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The Middle East Neolithic Transition: Integrated Community Approaches

Periodic Reporting for period 2 - MENTICA (The Middle East Neolithic Transition: Integrated Community Approaches)

Reporting period: 2020-04-01 to 2021-09-30

Our world is marked by ‘disruption’, major re-orderings of society through changing circumstances, including abrupt climate change, impacting on social and economic life. What lessons can we learn from the prehistoric past about disruption, and human engagement with it? One of the first global disruptions faced by human societies was the Neolithic transition from mobile forager-hunter to settled farmer-herder in the Epi-Palaeolithic and Early Neolithic periods of the Middle East, 17,000-7000 BCE. Human communities worked through this disruption, including climate change, to enable complex societies to thrive and to form the basis for later cities, empires and civilisations. In the MENTICA project we research the Early Neolithic transition in a core region through application of cutting-edge methods within a theoretical framework of community and ‘collective identity’ as interpretive concepts. This research addresses an integrated suite of ‘Grand Challenges for Archaeology’, including: human responses to abrupt climate change; the emergence of agricultural economies; the management and domestication of plants and animals; the multi-scalar organisation of human communities; the resilience and transformation of societies; the formation of human identities; and health and well-being in prehistory. These issues are of major importance to society today given the challenges faced by all of us within the context of rapid climate change and associated environmental impacts.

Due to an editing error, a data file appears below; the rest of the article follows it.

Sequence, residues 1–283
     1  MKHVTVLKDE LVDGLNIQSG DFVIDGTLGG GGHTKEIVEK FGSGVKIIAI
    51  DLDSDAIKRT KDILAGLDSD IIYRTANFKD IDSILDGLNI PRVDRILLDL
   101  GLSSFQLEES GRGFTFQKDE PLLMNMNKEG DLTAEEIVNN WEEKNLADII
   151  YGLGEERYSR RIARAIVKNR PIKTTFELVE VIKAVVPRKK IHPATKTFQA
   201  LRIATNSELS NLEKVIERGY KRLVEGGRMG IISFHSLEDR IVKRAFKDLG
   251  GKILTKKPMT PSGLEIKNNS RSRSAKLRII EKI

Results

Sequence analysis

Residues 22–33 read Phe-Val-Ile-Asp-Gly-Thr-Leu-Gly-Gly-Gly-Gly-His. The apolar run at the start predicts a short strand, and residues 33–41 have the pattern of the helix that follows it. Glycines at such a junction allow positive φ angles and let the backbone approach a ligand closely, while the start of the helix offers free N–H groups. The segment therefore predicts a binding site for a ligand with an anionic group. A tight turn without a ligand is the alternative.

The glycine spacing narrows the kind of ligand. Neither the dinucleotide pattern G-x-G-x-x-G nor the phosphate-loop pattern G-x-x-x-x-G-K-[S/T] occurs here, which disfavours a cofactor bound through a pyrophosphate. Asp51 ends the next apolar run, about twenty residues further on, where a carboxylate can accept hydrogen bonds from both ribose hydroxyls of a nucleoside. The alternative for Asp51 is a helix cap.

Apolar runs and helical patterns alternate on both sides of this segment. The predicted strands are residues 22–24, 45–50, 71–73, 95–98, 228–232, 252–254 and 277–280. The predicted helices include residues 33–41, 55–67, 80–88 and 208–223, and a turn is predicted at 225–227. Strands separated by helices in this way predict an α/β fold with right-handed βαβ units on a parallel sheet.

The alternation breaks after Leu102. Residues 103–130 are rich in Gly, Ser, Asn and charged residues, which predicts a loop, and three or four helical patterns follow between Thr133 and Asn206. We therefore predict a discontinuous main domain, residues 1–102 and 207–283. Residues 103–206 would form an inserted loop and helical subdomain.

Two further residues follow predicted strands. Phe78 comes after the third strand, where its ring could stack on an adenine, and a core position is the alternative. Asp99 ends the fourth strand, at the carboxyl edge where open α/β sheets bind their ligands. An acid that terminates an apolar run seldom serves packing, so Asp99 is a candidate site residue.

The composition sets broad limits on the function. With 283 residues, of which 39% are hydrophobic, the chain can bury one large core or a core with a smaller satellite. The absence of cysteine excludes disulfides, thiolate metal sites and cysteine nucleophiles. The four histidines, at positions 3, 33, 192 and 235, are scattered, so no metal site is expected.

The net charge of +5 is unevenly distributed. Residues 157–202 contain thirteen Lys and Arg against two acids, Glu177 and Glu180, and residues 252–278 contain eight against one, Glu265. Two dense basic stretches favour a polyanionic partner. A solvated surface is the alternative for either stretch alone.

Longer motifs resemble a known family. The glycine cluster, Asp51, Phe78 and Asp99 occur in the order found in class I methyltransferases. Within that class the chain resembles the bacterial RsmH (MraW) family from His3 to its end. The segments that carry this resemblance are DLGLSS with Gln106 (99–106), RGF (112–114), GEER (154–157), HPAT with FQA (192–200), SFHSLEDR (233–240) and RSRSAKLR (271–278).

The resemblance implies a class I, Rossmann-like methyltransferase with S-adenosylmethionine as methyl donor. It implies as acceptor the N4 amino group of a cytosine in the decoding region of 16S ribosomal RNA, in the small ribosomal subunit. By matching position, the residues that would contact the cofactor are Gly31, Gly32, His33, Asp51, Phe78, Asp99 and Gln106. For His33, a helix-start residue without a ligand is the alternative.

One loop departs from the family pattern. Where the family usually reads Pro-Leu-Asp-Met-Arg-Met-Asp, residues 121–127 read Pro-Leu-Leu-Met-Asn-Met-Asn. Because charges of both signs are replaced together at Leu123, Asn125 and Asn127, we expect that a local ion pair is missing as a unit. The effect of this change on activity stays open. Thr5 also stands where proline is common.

The prime research question is: how did EP-EN human communities negotiate disruption in their transition from mobile hunting and foraging to sedentary farming and herding? The project research objectives are: (1) to conduct state-of-the-art investigation at one Epi-Palaeolithic and two Early Neolithic sites in the EFC to generate multi-scalar, contextual evidence for investigation of the aims and objectives of Work Packages (WP) 1-6; (2) to examine ecological and socio-cultural aspects of the Epi-Palaeolithic and Early Neolithic transition, for inter-disciplinary insights into changing human-animal-plant-environment interrelations, at household, intra- and inter-community scales; (3) to analyse the results of WP1-6 in multi-scalar investigations of community networks, collective identities and resilience strategies; (4) to investigate the global significance of the EFC as a core zone, informing on societal engagement with disruptive changes, with significance for understanding challenges of today, including interconnections between environmental and social change.

The research comprises the first extensive archaeological investigation of Epi-Palaeolithic and Early Neolithic sites in the EFC, to provide the scale needed to examine issues of community and collective identity and networks. Investigations at the Early Neolithic sites in this project, Sheikh-e Abad in Iran and Bestansur in Iraq, enables us to examine the entire Early Neolithic period, 10,000 to 7000 BCE, and preceding comparative date at Zarzi from ca. 17,000 BCE.
Since the start of the project in October 2018, a considerable amount of relevant research has been conducted by the MENTICA team. A major season of fieldwork was carried out at the Early Neolithic archaeological site of Bestansur, Iraqi Kurdistan, in spring 2019. The results from that fieldwork continue to be analysed by all the project team. While excavation in Iran, as originally planned, has not yet been possible, we have been able to collaborate with Iranian colleagues through their excavations at a relevant site in Iran, Hotu Cave, with material from those excavations being made available to the MENTICA team for full analysis and publication.